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Thursday, 5 December 2002
Page: 7257


Senator SANTORO (11:47 AM) —I wish to make a few remarks but, in view of the time limits that we are facing in this debate, in deference to other speakers who may want to continue with contributions to this debate, I will keep them brief. This is really the first opportunity for me to take a significant role in the work of the Senate chamber and, because of this, I seek the indulgence of the committee to make some general remarks about the Research Involving Embryos Bill 2002 before going on to briefly discuss section 42. By any measurement, by any criteria, this is a historic debate that I have been anxious to participate in. I have received probably more representations in relation to the matter that is under debate in this bill than at any other time in my 26 years of political activity and involvement. I must admit that it is an argument that is immensely difficult. I have sat around dinner tables and at group meetings discussing it. I have seen families divide over it. I have seen friends divide over it. I have seen people argue vehemently against each other who were never in that state of mind until this issue came before the community in the way that it has.

It is a conscience vote, and I have thought very long and very hard about this. One of the reasons I delayed coming into the debate was that I wanted to see and hear carefully the arguments that were being put forward by my new parliamentary colleagues. I must admit that I was particularly impressed by two speeches that were made very early in the piece by Senator Minchin and Senator Hogg. Those two contributions, in a very poignant and very convincing way, addressed the key question that I think everybody that has participated in this debate has sought to address, and that is: when does life begin?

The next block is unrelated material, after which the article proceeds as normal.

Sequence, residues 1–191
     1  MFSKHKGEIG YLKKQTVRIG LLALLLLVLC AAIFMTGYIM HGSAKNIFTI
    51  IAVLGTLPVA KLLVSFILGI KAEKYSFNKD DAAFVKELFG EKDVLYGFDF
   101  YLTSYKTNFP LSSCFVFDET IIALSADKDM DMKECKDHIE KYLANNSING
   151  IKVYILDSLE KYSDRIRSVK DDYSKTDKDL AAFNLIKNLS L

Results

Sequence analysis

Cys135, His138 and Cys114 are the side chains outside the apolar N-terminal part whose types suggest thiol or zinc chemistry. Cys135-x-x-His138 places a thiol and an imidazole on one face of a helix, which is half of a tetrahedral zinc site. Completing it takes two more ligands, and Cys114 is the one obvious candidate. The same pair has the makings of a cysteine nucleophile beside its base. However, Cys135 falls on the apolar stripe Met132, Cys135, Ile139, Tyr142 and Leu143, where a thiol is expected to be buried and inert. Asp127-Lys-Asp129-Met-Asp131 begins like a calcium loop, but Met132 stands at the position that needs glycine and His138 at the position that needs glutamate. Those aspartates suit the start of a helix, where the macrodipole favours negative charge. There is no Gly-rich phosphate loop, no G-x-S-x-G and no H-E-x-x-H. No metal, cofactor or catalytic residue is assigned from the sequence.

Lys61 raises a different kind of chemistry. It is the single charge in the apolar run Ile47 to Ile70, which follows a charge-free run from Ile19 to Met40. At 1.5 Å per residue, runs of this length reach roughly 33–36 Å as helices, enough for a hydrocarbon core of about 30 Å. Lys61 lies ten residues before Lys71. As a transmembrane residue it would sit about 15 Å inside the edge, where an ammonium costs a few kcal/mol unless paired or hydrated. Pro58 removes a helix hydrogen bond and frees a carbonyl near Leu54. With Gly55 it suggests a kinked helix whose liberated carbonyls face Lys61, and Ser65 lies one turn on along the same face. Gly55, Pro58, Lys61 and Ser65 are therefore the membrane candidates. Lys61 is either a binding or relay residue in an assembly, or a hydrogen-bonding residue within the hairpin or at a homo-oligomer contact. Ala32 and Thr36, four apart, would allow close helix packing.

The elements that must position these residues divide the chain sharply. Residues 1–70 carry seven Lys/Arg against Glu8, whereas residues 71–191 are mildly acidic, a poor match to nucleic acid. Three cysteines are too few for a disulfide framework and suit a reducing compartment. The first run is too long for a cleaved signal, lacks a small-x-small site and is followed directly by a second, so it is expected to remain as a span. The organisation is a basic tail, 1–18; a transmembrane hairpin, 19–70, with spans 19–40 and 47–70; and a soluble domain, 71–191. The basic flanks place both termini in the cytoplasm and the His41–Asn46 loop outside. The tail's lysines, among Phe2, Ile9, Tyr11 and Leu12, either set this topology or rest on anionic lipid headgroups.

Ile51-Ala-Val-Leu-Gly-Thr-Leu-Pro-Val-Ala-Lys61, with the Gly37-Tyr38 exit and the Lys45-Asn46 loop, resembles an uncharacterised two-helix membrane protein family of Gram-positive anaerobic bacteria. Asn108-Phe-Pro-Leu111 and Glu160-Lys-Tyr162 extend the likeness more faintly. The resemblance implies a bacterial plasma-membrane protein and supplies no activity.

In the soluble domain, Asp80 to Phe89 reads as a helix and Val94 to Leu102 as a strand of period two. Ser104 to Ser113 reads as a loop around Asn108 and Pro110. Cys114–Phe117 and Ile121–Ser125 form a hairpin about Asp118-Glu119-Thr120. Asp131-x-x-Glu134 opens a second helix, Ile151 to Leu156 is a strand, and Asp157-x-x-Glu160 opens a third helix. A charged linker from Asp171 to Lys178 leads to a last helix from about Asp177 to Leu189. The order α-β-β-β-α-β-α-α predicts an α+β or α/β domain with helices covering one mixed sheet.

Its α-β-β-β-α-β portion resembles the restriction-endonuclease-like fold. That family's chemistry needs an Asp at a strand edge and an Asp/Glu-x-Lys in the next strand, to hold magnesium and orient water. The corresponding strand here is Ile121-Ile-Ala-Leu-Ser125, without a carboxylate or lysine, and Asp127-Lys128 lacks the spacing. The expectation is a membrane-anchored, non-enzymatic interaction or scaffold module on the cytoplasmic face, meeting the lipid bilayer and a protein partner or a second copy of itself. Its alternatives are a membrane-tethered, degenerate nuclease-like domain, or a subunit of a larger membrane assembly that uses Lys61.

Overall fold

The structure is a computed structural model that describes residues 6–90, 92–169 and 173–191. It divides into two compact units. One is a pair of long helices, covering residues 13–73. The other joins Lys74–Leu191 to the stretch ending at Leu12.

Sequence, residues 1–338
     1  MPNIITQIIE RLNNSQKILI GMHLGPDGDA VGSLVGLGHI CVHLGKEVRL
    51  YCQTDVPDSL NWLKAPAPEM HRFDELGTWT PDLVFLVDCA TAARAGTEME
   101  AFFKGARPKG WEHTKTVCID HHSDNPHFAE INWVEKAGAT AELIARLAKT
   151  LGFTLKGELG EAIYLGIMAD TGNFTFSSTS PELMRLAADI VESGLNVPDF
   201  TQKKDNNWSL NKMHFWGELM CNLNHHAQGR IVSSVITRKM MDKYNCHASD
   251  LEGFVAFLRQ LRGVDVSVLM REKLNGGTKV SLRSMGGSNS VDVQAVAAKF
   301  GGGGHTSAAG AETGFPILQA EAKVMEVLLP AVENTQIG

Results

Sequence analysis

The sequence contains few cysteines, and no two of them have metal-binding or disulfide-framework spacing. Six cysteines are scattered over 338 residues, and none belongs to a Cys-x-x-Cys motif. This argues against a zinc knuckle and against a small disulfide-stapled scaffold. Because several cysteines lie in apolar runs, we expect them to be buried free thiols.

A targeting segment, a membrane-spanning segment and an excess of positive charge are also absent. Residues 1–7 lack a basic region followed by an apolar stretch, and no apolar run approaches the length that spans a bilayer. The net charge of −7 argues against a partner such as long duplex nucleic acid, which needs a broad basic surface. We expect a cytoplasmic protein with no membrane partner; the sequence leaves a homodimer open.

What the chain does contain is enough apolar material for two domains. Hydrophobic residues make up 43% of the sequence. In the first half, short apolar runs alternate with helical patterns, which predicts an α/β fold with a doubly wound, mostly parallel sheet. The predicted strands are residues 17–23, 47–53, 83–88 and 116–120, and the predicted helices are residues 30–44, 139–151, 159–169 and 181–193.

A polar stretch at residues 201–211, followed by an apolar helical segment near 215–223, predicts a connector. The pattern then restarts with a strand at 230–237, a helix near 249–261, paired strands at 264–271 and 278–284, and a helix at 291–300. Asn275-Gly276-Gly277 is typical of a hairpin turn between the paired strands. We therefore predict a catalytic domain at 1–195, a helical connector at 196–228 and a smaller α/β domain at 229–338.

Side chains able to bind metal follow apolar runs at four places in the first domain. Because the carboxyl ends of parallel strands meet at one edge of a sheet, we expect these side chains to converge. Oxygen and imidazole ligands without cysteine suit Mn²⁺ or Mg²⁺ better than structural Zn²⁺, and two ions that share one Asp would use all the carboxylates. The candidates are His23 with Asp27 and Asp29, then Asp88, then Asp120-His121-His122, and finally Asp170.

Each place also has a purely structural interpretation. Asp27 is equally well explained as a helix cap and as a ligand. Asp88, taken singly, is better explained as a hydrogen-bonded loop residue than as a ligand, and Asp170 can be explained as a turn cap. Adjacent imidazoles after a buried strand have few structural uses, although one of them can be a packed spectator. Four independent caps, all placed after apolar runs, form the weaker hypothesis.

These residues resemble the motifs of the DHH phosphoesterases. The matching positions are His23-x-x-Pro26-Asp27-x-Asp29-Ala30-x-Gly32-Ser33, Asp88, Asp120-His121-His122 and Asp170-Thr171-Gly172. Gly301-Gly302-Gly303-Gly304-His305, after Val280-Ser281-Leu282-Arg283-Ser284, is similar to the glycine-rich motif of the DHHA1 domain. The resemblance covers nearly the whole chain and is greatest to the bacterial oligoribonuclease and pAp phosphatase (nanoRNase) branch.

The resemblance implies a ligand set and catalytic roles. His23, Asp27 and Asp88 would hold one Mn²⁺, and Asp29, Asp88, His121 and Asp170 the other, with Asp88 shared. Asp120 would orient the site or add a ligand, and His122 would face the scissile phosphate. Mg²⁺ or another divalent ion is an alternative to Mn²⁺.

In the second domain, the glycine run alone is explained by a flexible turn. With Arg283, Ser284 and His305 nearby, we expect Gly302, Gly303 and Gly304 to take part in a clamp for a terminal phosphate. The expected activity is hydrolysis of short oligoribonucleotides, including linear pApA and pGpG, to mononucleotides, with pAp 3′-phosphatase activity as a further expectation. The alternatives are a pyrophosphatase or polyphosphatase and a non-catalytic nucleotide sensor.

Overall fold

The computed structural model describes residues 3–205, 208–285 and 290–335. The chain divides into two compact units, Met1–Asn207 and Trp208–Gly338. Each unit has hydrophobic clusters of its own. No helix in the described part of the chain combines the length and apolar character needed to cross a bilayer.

I wish to declare my own personal view about this, and that is that I believe that it begins at the moment of conception, and that any other interpretation puts at risk the whole Christian ethos as well as the principles of moral science. When we start going down the road of arguing as to when life is viable, we start heading down a very dangerous road. If a society is prepared to make laws defining when early life is viable, what is there then to stop it making laws defining when, for example, later life becomes non-viable? This particular issue was addressed by my colleague Senator Knowles when she referred to Territory rights versus Commonwealth rights.

I listened carefully to what Senator Knowles had to say but I was not convinced, because really the Commonwealth does have overriding rights over territories that it does not have over states. The rights of states are entrenched in our constitutional arrangements, indeed in our Constitution. These are the sorts of rights that we are trying to protect—or that Senator Barnett and those that support his amendment are seeking to protect. I cannot but recall—in fact, I was prompted to recall it by one of my colleagues here today—that the Northern Territory voted very recently against becoming a state. It did not want to take on the rights that would accrue to it as a political entity, as a constitutional entity, had it voted to become a state. That is the fallacy within Senate Knowles's argument.

If we do not support this amendment and if the clause goes through as it is, it is highly likely that this part of the bill will be open to quite significant and possibly successful constitutional challenge. If I were a heavily involved member of the Catholic Church taking a strong interest in this part of the debate, I could see myself strongly motivated to take it to the High Court with a view to overturning what potentially we are about to do here today.

Senator Collins, I believe, put the whole view in relation to conscience votes and party positions in a very enlightened way. I cannot enlighten you in terms of answering your question, because I totally agree with you and I have not heard any other argument to the contrary here today. So I support Senator Barnett's position. There is a lot more that I would like to say, but, in view of the time limits and the indulgence that I have had in canvassing some second reading aspects of the bill, I will allow other senators to continue making their contributions.